Oxytocin 2mg

Oxytocin 2mg

Oxytocin 2mg

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Oxytocin is a synthetic analogue of a naturally occurring peptide bearing the same name that is typically produced in hypothalamus nerve cells and then stored in the posterior pituitary gland1. Oxytocin is a neuromodulating agent in the brain with significant action throughout the process of mammalian sexual reproduction2. From stimulating sexual attraction3 to intensifying sexual climax4 to diminishing pain sensitivity and relaxing a mother’s muscles during childbirth5, oxytocin is present and integral to all stages of procreation, earning it the colloquial name ‘The Love Hormone’.

Description

Oxytocin is a synthetic analogue of a naturally occurring peptide bearing the same name that is typically produced in hypothalamus nerve cells and then stored in the posterior pituitary gland1. Oxytocin is a neuromodulating agent in the brain with significant action throughout the process of mammalian sexual reproduction2. From stimulating sexual attraction3 to intensifying sexual climax4 to diminishing pain sensitivity and relaxing a mother’s muscles during childbirth5, oxytocin is present and integral to all stages of procreation, earning it the colloquial name ‘The Love Hormone’.

Interpersonal Connection

Oxytocin has been extensively researched as an agent for initiating a state of calm, a sense of trust, and a more relaxed mode for interpersonal connection and social interaction6. Animal subjects have been observed to act more boldly and with reduced anxiety following administration of oxytocin, as opposed to the evolutionary urge to keep others at a distance7. Complementary to the emotional state of calm, oxytocin has been shown to release muscle tension, to slow heart rate, and to reduce blood pressure8.

Physical Effects

Oxytocin has also been observed to be a positive effector of quick wound healing9 as a result of fibroblast recruitment and an inhibition of the inflammatory response10. Research in animal subjects has demonstrated that oxytocin also has a peripheral role in stimulating growth hormone release11 and in inducing digestion, leading to enhanced metabolic efficiency.

Oxytocin’s action in enhancing libido, reducing social anxiety, and allowing for sensations of romantic attachment make it attractive as a potential remedy for subjects receiving necessary treatment that may inhibit these functions through side effects.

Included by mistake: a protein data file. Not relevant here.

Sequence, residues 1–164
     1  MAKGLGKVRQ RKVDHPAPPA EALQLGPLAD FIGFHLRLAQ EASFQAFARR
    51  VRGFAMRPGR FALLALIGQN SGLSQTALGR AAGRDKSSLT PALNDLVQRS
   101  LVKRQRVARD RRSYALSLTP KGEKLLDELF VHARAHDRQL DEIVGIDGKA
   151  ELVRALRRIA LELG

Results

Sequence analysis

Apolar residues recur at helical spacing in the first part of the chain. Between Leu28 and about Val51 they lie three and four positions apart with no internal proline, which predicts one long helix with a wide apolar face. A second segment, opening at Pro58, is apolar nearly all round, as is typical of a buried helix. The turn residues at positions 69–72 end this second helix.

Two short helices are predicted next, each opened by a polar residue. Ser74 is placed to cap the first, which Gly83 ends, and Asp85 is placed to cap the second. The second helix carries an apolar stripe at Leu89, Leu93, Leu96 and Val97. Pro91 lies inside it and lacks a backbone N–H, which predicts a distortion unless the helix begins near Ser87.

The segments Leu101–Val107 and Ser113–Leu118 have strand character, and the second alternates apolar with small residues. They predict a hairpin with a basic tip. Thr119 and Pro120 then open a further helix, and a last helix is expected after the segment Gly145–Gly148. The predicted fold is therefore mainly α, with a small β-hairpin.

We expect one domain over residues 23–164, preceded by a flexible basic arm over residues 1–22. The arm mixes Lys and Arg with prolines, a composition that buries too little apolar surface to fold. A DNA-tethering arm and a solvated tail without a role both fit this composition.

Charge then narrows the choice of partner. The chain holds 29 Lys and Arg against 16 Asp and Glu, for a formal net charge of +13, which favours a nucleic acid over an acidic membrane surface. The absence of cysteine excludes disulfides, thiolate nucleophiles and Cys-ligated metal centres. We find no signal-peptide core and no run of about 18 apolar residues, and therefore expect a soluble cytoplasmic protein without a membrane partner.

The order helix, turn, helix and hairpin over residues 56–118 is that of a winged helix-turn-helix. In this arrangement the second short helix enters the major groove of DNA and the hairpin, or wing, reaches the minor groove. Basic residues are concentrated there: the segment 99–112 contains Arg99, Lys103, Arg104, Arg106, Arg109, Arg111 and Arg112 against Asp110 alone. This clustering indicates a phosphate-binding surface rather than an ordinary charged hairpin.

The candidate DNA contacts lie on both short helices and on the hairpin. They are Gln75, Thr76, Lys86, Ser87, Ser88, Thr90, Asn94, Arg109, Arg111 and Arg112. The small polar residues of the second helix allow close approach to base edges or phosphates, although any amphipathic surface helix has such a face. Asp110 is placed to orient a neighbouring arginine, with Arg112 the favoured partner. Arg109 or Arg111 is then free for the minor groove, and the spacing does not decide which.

Synonyms: Oxytocin Acetate, 3-Isoleucine-8-leucine vasopressin; Alpha-hypophamine; Atonin O; Di-sipidin; Endopituitrina; Hyphotocin; Intertocine S; Perlacton; Pitocin; Piton S; Presoxin;Synpitan;

Peer-Reviewed Sources:

(1) Brownstein, M. J., Russell, J. T., & Gainer, H. (1980). Synthesis, transport, and release of posterior pituitary hormones. Science, 207(4429), 373-378.

(2) Stoop, R. (2012). Neuromodulation by oxytocin and vasopressin. Neuron 76(1), 142-159.

(3) Smith, A. S., Ågmo, A., Birnie, A. K., & French, J. A. (2010). Manipulation of the oxytocin system alters social behavior and attraction in pair-bonding primates, Callithrix penicillata. Hormones and behavior, 57(2), 255-262.

(4) Thornhill, R., Gangestad, S. W., & Comer, R. (1995). Human female orgasm and mate fluctuating asymmetry. Animal Behaviour, 50(6), 1601-1615.

(5) Newton, N. (1978). The role of the oxytocin reflexes in three interpersonal reproductive acts: coitus, birth and breastfeeding. Clinical psychoneuroendocrinology in reproduction, 22, 411-418.

(6) Turner, R. A., Altemus, M., Enos, T., Cooper, B., & McGuinness, T. (1999). Preliminary research on plasma oxytocin in normal cycling women: investigating emotion and interpersonal distress. Psychiatry, 62(2), 97-113.

(7) Guastella, A. J., Mitchell, P. B., & Dadds, M. R. (2008). Oxytocin increases gaze to the eye region of human faces. Biological psychiatry, 63(1), 3-5.

(8) Petersson, M., Alster, P., Lundeberg, T., & Uvnäs-Moberg, K. (1996). Oxytocin causes a long-term decrease of blood pressure in female and male rats.Physiology & behavior, 60(5), 1311-1315.

(9) Gouin, J. P., Carter, C. S., Pournajafi-Nazarloo, H., Glaser, R., Malarkey, W. B., Loving, T. J., & Kiecolt-Glaser, J. K. (2010). Marital behavior, oxytocin, vasopressin, and wound healing. Psychoneuroendocrinology, 35(7), 1082-1090.

(10) Petersson, M., Wiberg, U., Lundeberg, T., & Uvnäs-Moberg, K. (2001). Oxytocin decreases carrageenan induced inflammation in rats. Peptides, 22(9), 1479-1484.

(11) Alexander, D. P., Britton, H. G., Forsling, M. L., & Ratcliffe, J. G. (1974). Pituitary and plasma concentrations of adrenocorticotrophin, growth hormone, vasopressin and oxytocin in fetal and maternal sheep during the latter half of gestation and the response to haemorrhage. Neonatology, 24(3-4), 206-219.

More Information
CAS Number 158861-67-7
PubChem CID 439302
Molecular Formula C43H66N12O12S2
Residue Sequence CYIQNCPLG-NH2
Molar Mass 1007.19 g/mol
Specificity Synthetic Oxytocin is identical to the naturally occurring peptide, having very similar effects during mammalian sexual reproduction and growth, acting ubiquitously throughout the body.
Physical Appearance Fine White Lyophilized Powder
Solubility 100 μg/mL sterile diluent (distilled de-ionized water)
Stability Lyophilized protein is to be stored at -20°C. It is recommended to aliquot the reconstituted (dissolved) protein into several discrete vials in order to avoid repeated freezing and thawing. Reconstituted protein can be stored at 4°C.
Source Biosynthetic production
This product is prepared for LABORATORY RESEARCH USE ONLY and may not be used for other purposes.